Friday, March 10, 2006

Don't bother showing or telling.

Say what you like about Infinite Crisis (and you will, I know. Don’t give me that look), but at least it was impossible to get bored with it ahead of time. Oh, sure, you could get bored of all the hype, and of all the Countdown to… miniseries that theoretically led into the series itself, but still, you couldn’t actually get bored of Infinite Crisis, because no-one knew what the book was actually about until the end of the second issue.

(There are, of course, numerous problems with keeping everything about the book so secret that even those who read the first issue of it still have no idea what the true plot of the series is going to be, not least of which the fact that people who read the first issue would be perfectly within their rights and common sense to read the first issue, put it down and think “Huh. So that made no sense. I don’t think I’ll both coming back for the second issue.” Retailers, too, were screwed by this way of doing business, in that they were ordering more or less blind when it came to gauging potential interest in the series. All they had to go on, and the readers of the first issue as well, for that matter, was the hype, which was more than slightly misleading. Yes, each of the lead-in storylines, from The OMAC Project to the JLA arc Crisis of Conscience tied in with the overall storyline in some respects, but none of them really went more than a small part towards showing the bigger picture. It wouldn’t be entirely off-base to consider each of those lead-ins as a series of misdirections and red herrings to stop people from guessing just what was going to happen in the actual Infinite Crisis book itself.)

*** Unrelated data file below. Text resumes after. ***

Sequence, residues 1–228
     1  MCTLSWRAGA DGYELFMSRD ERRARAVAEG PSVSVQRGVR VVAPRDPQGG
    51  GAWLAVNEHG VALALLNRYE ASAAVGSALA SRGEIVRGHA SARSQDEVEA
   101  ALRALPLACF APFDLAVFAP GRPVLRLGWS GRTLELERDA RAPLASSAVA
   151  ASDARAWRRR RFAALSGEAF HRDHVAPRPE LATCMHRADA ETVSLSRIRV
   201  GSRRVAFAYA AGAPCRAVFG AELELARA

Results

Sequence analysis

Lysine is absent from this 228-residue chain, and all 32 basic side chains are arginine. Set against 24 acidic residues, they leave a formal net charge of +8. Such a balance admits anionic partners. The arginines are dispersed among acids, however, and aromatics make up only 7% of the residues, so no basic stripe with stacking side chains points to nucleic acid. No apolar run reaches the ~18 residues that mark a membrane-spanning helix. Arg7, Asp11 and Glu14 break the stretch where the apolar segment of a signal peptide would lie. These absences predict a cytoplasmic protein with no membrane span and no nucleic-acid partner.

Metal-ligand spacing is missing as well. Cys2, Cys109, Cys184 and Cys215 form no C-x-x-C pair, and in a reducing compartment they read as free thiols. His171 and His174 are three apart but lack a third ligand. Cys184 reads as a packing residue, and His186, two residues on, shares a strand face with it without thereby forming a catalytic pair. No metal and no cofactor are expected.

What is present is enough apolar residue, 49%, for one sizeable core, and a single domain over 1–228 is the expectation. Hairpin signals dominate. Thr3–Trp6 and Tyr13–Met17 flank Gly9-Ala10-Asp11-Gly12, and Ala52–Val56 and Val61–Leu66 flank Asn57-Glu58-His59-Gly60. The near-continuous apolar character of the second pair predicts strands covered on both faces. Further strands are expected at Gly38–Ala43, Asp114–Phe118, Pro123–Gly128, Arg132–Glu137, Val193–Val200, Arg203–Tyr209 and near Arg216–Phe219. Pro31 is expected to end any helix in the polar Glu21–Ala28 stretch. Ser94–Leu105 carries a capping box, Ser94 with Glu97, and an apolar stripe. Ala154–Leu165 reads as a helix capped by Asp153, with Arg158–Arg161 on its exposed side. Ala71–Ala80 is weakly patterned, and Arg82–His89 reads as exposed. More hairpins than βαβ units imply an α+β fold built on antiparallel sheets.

(Now that I think about it, while it may have been impossible to get bored of Infinite Crisis before it debuted because no-one outside of DC actually knew what it was about, it was more than possible to get frustrated with it for being so coy and for giving out so many misdirections. Hmm.)

(Too many parentheses, do you think?)

By contrast, Marvel’s summer event book, Civil War – it’s not a crossover, as Marvel will repeatedly tell you, despite the three tie-in miniseries that accompany the run (Civil War: Frontline, X-Men: Civil War, and Runaways/Young Avengers ), or the two oneshots that tie-in (Civil War: Opening Shot, Civil War: Daily Bugle ), or even the tie-in issues of various regular books, including seven issue arcs in Amazing Spider-Man and Wolverine, and a five issue epilogue arc in New Avengers. Because all of those are tie-ins, and not crossovers, you understand? – is something that I am feeling really bored with already, and it’s not out until May. Because I already have seen preview pages from the first issue, last month. And I’ve already read several million interviews where the plot is explained, and the creators congratulate themselves on the real world parallels to the current political climate in America while explaining that such parallels can be ignored if you’re a Republican who doesn’t like to mix politics with your superheroin’. It’s gotten to the point where not only do I feel like there’s any point in reading the actual comic book, beyond a voyeuristic interest in the mechanics of the whole thing, because I know exactly what to expect, but that I feel as if the comic book came out a couple of months ago already.

I know, I know. This isn’t a new complaint; both Joe Quesada and Dan Didio are known for complaining that spoilers are ruining the comic book experience, and that it’s getting harder to surprise the fans these days and trades are killing comics and yadda yadda yadda. And, you know, it’s true, but still, that’s not what I mean. What I’m more concerned about is that the publicity that the publishers are putting out for the books is doing the opposite of what it’s supposed to do; my apathy for Civil War isn’t based upon any spoilers from fans or rumor or gossip, but the very things released to get people excited about the damn thing.